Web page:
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President Trump’s tariff increase went into effect as expected at 12:01 AM ET. Chinese goods that left ports before May 10th are not subject to the increase, thus providing a roughly small two-week window that could provide added incentive for a deal to be finalized. Chinese have yet to announce retaliatory measures, but that is expected anytime now.
The ending of the trade truce will likely continue to weigh on global growth concerns. The longer it takes for a deal the worse off the two world’s largest economies will be. The chances of a deal being reached are still more likely than not.
Global Stocks – Asian shares rally on Chinese state fund purchases
RBA – Cut growth outlook
Oil – Geopolitical risks provide safety net on trade worries
Gold- Poised for a weekly gain on tariff bump
Rand – Ramaphosa’s victory sets up reform push
Lira – Turkish Bank’s sell dollars overnight
Immediately following the tariff increase, Chinese backed funds were active purchasing Chinese equities. This would be the second time this week state funds have come into try to stabilize the Shanghai’s biggest fall in three years. Expectations are also growing that China will ease monetary and fiscal policies along with credit as markets price in the effect of higher tariffs. European boarses all rose on optimism a deal will get done. US stocks are poised to open lower, coming off from a higher base and still repricing the risks to confidence.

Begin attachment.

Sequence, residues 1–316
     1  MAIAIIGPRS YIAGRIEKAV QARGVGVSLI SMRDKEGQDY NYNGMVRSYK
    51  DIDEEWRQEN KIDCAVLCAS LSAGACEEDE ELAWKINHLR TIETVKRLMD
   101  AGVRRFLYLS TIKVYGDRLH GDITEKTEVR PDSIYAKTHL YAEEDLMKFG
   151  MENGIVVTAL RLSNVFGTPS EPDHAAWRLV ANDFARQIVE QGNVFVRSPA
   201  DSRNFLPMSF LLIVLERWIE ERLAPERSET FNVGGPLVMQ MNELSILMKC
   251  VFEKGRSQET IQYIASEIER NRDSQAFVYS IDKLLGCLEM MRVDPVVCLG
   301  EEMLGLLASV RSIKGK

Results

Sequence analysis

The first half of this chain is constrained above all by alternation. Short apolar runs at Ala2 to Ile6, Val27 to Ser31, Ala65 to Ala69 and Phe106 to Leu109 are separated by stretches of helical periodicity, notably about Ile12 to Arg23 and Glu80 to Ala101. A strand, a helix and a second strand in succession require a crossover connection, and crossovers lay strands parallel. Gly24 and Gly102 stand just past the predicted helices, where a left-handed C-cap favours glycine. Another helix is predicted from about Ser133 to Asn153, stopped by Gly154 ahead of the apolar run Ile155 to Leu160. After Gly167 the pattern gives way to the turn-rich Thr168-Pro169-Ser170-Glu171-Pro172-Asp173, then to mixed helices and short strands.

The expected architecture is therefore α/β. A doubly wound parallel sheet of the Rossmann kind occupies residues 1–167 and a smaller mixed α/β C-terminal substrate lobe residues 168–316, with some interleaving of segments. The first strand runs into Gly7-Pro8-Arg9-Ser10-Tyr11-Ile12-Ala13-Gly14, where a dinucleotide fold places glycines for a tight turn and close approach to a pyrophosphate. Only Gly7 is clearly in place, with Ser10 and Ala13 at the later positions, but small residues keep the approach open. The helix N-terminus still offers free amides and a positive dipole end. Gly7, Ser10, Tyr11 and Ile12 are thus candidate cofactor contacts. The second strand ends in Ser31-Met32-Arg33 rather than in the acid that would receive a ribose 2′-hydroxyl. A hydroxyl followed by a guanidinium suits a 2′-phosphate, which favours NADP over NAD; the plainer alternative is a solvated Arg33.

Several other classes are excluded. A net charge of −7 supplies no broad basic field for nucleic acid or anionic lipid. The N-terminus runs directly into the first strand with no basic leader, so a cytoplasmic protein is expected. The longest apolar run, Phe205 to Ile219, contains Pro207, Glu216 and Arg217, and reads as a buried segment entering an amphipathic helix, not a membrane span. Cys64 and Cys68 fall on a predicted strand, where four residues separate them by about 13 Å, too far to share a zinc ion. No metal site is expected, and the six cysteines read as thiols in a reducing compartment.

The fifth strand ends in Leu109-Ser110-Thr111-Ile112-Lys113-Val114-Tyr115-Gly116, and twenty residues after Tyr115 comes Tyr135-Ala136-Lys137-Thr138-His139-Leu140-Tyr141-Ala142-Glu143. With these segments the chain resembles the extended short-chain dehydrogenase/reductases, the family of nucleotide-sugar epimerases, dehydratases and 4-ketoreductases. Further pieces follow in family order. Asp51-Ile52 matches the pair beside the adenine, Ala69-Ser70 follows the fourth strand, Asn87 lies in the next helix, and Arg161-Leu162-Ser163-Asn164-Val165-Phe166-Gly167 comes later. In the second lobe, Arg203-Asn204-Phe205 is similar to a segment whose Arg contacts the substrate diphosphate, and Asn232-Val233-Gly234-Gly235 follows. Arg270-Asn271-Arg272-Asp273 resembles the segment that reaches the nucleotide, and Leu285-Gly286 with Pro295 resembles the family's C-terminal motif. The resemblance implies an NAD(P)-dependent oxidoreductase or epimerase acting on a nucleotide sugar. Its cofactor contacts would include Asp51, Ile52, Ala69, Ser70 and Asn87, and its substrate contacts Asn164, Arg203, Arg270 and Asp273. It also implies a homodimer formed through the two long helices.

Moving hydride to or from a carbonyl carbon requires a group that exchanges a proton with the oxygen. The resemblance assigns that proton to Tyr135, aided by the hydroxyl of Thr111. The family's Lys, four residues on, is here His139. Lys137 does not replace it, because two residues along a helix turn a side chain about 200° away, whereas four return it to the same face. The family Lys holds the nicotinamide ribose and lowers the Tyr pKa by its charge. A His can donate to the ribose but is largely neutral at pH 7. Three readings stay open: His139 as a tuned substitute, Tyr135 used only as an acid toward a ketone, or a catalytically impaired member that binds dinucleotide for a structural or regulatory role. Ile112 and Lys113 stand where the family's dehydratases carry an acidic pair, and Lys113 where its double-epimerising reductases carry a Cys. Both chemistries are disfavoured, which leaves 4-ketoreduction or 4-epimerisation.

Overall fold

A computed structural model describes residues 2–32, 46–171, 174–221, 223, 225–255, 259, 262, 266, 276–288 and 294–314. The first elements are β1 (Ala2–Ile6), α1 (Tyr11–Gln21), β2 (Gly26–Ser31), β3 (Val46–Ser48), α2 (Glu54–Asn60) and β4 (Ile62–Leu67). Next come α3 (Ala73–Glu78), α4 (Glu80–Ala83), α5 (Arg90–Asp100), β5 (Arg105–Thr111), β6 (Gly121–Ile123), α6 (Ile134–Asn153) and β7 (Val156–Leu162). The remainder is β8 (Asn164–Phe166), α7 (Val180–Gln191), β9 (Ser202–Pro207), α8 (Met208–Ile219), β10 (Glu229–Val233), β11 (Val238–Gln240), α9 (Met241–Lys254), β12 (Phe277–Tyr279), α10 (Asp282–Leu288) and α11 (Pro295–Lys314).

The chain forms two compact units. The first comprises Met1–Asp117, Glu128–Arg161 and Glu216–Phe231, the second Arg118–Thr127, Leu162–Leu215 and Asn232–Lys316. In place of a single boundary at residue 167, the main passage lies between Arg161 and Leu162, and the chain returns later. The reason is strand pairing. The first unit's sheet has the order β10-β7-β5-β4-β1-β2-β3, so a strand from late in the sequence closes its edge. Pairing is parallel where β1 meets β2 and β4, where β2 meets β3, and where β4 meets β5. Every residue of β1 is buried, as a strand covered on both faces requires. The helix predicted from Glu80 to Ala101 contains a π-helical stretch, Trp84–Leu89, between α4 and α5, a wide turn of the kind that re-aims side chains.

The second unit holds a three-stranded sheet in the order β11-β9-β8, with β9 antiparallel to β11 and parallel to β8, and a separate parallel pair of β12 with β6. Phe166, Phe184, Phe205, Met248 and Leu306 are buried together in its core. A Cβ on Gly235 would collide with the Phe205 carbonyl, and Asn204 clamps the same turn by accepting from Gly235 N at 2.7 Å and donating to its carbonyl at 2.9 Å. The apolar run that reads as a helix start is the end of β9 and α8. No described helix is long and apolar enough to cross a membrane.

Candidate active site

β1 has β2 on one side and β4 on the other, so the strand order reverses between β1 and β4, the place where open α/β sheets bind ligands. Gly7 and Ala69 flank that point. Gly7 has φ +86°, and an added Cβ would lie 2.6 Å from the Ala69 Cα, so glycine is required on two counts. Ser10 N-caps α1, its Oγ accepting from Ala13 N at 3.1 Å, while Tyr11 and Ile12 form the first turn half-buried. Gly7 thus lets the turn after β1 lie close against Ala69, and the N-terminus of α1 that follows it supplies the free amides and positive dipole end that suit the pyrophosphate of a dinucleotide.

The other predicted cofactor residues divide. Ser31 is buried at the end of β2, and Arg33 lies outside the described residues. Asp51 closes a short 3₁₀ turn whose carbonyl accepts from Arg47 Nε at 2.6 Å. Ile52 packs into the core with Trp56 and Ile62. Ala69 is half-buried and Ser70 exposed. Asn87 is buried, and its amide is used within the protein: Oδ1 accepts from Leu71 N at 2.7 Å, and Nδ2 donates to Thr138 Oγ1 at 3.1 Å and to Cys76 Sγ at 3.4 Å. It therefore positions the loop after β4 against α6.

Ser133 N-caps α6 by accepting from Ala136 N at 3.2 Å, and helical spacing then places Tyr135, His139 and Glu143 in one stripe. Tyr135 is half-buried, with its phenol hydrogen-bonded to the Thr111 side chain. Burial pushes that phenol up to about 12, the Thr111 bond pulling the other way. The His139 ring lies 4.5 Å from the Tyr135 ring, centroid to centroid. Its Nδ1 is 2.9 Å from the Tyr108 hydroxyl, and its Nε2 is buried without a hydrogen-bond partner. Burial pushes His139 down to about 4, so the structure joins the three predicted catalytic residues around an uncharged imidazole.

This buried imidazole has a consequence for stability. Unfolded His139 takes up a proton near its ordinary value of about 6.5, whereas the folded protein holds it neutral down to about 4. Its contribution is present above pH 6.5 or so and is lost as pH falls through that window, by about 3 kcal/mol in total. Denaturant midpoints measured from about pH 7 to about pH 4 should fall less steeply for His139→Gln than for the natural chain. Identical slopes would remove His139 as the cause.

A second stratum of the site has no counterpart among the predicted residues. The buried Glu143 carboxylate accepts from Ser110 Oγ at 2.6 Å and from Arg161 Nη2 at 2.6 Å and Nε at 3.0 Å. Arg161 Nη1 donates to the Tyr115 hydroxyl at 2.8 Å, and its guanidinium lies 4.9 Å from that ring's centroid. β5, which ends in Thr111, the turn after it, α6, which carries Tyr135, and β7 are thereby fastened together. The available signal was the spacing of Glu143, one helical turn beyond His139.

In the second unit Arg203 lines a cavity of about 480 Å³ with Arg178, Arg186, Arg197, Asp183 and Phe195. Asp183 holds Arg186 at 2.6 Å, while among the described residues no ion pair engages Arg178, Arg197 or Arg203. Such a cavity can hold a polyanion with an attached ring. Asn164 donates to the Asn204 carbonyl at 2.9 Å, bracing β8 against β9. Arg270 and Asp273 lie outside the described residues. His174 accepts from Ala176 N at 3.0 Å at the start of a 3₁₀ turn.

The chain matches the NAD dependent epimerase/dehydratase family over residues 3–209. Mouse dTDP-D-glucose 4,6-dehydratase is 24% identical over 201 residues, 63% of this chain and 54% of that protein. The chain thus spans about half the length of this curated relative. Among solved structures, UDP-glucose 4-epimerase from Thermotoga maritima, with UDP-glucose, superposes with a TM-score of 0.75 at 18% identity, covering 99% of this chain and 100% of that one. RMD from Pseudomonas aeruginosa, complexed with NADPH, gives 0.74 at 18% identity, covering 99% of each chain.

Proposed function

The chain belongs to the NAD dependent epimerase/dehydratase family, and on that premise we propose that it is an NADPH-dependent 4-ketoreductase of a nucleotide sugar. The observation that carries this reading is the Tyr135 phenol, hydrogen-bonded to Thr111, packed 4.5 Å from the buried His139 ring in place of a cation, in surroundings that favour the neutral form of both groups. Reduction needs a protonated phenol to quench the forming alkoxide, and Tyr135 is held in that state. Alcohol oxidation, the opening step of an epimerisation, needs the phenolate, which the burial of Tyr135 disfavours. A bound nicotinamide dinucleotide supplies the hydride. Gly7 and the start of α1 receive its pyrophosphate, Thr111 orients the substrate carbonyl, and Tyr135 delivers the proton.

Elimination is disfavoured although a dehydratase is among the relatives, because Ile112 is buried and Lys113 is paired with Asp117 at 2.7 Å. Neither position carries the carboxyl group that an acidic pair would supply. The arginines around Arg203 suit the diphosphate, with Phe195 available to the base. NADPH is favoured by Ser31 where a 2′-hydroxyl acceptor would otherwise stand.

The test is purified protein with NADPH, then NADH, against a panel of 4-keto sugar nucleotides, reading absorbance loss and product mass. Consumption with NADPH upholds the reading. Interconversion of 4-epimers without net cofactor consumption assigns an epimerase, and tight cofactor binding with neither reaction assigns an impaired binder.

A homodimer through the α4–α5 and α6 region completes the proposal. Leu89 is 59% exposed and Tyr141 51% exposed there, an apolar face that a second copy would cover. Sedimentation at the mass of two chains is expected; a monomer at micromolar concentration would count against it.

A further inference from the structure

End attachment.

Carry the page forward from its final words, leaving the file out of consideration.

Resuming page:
The Statement of Monetary Policy (SOMP) showed the RBA could cut rates if we do not see the unemployment rate fall. The RBA downgraded growth forecasts and is pricing in 50 basis points of cuts, one for this year and next. The outlook for China remains a big uncertainty and the bank will likely adopt an easing bias quickly if their biggest trading partner sees the downside risks grow.
Crude prices appear to supported on both tighter supply and geopolitical risks. The escalation in the trade war has put a return in global growth worries, which would translate to softer crude demand. Optimism is still greater for a deal to get done soon, than for talks to fall apart, so the trade story could shortly become a tailwind for crude.
Crude prices should see some support from Iranian tensions and supply risks from Libya and Venezuela.
The yellow metal appears poised for a weekly gain as US tariffs on Chinese goods were raise shortly after the stroke of midnight. The yellow metal’s loss of safe-haven appeal should return if talks see a complete collapse, but that remains the lease likely scenario.
With 80% of the vote in, the ANC appears poised to win a diminished majority with 57% of the vote, down from 62% in the vote in 2014. Led by President Cyril Ramaphosa appears set to continue to try to clean up corruption and push forward with major reforms. The final tally is not expected until the weekend when more remote areas take time to come in. The rand is firmer for a fourth consecutive day as an ANC victory, albeit a small one was the most market friendly outcome.
One of the best trades of the year has been shorting the lira. The political situation in Turkey is messy at the very least and the threat to democracy is a real risk. The last leg of lira weakness stemmed from President Erdogan’s decision to have a rerun of municipal vote in Instanbul. Overnight, Turkish banks sold dollars during illiquid times to maximize the effect to try to put a dent into some of this year’s losses.